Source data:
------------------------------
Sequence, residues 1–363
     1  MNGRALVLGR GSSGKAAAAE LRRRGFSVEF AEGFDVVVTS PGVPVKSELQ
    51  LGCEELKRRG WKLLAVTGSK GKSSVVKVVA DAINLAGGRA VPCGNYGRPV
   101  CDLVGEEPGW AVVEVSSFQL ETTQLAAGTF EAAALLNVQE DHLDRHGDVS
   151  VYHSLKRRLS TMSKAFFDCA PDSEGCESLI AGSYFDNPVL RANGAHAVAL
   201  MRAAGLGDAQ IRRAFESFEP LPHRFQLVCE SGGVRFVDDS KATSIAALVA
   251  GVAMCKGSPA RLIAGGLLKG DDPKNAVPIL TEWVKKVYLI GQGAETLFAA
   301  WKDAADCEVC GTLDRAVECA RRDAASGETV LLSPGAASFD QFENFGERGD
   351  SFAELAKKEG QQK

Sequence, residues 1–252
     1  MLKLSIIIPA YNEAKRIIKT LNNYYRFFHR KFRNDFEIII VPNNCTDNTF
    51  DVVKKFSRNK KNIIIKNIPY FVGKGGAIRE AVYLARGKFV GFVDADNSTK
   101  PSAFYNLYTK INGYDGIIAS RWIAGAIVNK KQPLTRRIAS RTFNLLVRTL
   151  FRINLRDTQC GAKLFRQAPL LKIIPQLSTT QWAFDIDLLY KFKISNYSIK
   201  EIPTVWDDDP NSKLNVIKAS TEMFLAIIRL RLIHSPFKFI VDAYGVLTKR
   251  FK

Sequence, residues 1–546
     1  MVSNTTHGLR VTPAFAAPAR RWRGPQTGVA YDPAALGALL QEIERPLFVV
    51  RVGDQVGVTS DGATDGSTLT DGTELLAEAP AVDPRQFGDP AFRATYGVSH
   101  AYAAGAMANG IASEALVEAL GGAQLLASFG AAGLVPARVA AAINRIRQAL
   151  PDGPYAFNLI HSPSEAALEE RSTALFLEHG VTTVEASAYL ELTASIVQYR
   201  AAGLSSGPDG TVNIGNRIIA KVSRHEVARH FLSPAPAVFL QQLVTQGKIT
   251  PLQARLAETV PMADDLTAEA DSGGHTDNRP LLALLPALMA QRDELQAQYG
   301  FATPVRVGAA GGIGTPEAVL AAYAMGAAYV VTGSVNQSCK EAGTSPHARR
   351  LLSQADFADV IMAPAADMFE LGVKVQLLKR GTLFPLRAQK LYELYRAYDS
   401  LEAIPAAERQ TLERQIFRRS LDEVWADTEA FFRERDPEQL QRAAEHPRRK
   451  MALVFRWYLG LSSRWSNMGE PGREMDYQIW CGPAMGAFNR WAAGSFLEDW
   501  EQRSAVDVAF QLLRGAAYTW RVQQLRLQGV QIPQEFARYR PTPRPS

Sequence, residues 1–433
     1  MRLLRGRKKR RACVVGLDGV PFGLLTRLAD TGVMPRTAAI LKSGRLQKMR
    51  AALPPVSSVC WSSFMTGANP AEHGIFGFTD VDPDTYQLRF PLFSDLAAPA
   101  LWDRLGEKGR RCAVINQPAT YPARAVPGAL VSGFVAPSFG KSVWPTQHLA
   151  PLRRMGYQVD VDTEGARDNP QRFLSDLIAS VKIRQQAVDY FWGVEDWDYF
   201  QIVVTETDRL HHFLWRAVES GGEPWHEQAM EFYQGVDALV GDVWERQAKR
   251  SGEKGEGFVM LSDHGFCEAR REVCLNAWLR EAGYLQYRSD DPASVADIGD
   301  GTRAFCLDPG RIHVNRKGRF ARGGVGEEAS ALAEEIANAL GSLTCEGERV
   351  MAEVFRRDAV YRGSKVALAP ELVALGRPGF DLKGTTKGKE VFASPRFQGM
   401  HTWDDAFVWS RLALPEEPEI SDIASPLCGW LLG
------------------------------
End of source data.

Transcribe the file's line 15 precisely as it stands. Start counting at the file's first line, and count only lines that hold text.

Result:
   201  EIPTVWDDDP NSKLNVIKAS TEMFLAIIRL RLIHSPFKFI VDAYGVLTKR